We always try our best to get a photo of Hugo on this fossil inspired seat, with little success.
More cowslips.

I have seen a few photos recently on Facebook of what can only be described as a ‘ Blue Lagoon’. I told Wil I really wanted to see this local landmark/ quarry pit for myself. Apparently as a teenager him and his mates would go scrambling round it. Boys will be boys!

Anyway the aquamarine water is a result of the limestone, which is quarried. Clitheroe’s limestone is made into cement and there has been a cement works in Clitheroe since the 1930s. I remember the town being known as ‘Cement City’ on CB radio. Haha.

The lagoon can be seen from a field off the A59 Link road.
There is no public access to the lagoon. I did see some mallards on it though.

After the blue lagoon excitement we walked back into town on a footpath we found last weekend, also off the A59 link road.

Beautiful Apple Blossom ❤️.
Magic Mushroom Graffiti under a stone footbridge.
Bluebells.
Stitchwort.
Stoney track. Spring flowers on both bankings here.
Daisies.
“I’m watching you “.
Old unlived in farm house.
Heading back through upbrooks, a part of Clitheroe that I didn’t really realise was here until recently.

One good thing about having to hang round home, is new walks found, and new parts of town explored.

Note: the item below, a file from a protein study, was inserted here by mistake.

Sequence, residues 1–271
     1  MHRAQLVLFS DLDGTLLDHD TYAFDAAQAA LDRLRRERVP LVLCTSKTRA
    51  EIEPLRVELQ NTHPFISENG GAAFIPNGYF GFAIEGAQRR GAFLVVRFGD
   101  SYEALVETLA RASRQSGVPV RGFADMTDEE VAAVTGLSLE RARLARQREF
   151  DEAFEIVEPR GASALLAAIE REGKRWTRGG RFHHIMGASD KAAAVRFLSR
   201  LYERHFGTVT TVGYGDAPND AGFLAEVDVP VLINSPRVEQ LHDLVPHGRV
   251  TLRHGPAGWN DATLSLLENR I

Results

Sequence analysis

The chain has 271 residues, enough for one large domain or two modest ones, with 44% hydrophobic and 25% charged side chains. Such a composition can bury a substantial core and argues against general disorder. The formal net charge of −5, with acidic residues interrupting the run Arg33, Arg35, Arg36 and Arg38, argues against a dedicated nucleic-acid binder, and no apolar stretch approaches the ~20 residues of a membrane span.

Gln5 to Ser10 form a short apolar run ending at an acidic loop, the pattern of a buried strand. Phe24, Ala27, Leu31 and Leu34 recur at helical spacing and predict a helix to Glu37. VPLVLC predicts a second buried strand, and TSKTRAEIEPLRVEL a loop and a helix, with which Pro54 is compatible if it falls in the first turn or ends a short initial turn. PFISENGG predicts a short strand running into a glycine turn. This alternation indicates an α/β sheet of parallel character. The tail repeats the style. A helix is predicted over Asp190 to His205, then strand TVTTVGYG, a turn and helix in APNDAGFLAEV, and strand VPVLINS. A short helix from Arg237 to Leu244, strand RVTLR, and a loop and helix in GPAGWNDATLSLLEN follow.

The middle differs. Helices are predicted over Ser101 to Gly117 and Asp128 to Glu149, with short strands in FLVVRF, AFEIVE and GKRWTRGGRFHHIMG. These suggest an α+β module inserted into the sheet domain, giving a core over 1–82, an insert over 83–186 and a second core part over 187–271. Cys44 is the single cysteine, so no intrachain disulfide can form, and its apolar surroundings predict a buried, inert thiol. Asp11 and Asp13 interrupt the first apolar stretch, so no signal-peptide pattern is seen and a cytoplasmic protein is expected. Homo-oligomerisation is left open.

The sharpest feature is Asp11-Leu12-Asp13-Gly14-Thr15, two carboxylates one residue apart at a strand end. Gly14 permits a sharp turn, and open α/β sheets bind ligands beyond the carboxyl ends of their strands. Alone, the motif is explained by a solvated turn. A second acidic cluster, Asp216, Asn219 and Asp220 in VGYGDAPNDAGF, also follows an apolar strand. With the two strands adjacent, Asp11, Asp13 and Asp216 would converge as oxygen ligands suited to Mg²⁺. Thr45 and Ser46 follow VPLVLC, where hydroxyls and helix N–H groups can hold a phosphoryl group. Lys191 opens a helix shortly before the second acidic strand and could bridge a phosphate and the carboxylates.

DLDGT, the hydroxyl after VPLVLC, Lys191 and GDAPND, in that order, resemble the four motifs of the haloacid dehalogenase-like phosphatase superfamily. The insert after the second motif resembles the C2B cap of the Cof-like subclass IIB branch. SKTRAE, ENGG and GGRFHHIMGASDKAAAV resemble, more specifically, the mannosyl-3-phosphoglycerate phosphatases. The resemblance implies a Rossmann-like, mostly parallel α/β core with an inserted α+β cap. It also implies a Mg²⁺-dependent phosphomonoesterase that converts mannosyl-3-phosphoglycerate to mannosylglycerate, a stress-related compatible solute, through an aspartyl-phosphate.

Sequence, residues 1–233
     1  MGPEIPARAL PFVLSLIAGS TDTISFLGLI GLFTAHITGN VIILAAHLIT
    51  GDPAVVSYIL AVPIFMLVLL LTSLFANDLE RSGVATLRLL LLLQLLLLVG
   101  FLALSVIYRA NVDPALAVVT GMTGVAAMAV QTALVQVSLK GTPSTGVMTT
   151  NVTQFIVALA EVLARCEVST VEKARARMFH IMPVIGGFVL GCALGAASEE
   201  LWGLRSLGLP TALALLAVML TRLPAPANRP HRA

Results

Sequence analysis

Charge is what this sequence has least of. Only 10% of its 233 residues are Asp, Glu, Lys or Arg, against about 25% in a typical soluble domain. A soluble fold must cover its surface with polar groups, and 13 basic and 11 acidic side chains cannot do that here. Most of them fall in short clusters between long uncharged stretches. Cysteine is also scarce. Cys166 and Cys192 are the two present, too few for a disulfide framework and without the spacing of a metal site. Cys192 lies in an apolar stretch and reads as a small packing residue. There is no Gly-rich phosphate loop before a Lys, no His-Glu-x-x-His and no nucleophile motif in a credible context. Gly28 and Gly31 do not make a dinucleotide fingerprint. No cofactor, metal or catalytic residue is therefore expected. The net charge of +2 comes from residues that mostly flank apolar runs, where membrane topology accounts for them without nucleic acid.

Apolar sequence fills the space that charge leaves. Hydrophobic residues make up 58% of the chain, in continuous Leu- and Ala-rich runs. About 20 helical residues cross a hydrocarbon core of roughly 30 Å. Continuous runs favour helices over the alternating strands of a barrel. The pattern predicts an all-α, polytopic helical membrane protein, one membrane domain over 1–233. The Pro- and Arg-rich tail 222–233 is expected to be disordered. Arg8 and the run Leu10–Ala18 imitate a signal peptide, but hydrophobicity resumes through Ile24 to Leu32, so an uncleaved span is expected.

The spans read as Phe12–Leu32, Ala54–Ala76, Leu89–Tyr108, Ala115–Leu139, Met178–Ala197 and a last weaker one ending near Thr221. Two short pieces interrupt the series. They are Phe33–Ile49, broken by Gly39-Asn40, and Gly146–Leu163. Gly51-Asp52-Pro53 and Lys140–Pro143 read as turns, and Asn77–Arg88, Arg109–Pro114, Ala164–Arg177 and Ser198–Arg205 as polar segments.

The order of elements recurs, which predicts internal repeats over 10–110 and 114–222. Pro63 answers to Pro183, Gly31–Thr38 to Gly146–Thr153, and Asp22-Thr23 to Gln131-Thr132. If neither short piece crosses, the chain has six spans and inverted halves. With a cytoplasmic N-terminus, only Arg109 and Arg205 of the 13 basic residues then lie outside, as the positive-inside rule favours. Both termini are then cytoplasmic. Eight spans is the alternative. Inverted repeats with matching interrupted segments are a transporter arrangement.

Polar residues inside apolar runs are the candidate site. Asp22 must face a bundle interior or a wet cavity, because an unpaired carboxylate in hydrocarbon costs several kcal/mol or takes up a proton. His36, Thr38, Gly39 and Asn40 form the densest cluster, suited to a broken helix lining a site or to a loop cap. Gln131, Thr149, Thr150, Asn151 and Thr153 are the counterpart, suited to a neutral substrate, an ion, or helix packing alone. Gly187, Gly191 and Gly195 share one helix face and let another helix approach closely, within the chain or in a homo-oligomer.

Have you found any ‘new to you’ footpaths in your local area?

Seven days of wildflowers. 🌸

For the past seven days I’ve chosen a wild flower that I’ve seen on my daily walk with Hugo, and found out a few facts about each flower.

Saturday ~ Bluebell. There’s nothing more stunning than a carpet of bluebells in the Spring. I saw clumps of these gorgeous violet blue flowers on a walk today through a patch of woodland by the river. Here are a few facts about bluebells.

Other names for Bluebell include Wild Hyacinth, Wood Bell, Granfer Giggle, Witches Thimble, Cuckoo’s Boot, Bell Bottle and Lady’s Nightcap.

It is against the law to pick, uproot or intentionally destroy bluebells.

Bluebells can also be pink or white.

The bluebell is the flower of St George.

In folklore fairies ring the bells to gather together their fairy kin. If humans hear blue bells ring however, disaster will befall them. 😬

Sunday ~ Cowslip. There are lots of cowslips in bloom at the local nature reserve in Salthill Quarry. They tend to thrive in meadows, dry grassy banks, grass verges and in open woodland. Here are a few cowslip facts.

Cowslip apparently means cow pat! It has been noted that the flowers spring up around where cows have ‘slupped’.

Tea made from the flowers can be used to help cure headaches and insomnia.

In countryside tradition cowslips were strewn along the church path at weddings and put in May Day garlands.

Other names for cowslip include Bunch of Keys, Lady’s fingers, Yellowdrops , Freckled Face & Fairies Flower.

Cowslips are the food of the Duke of Burgundy caterpillar.

Monday ~ Germander Speedwell. These little beauties were growing amongst a patch of primroses next to Mearley Brook. I love the bright blue colour of speedwells. 💙 Here are a few facts about the Germander Speedwell.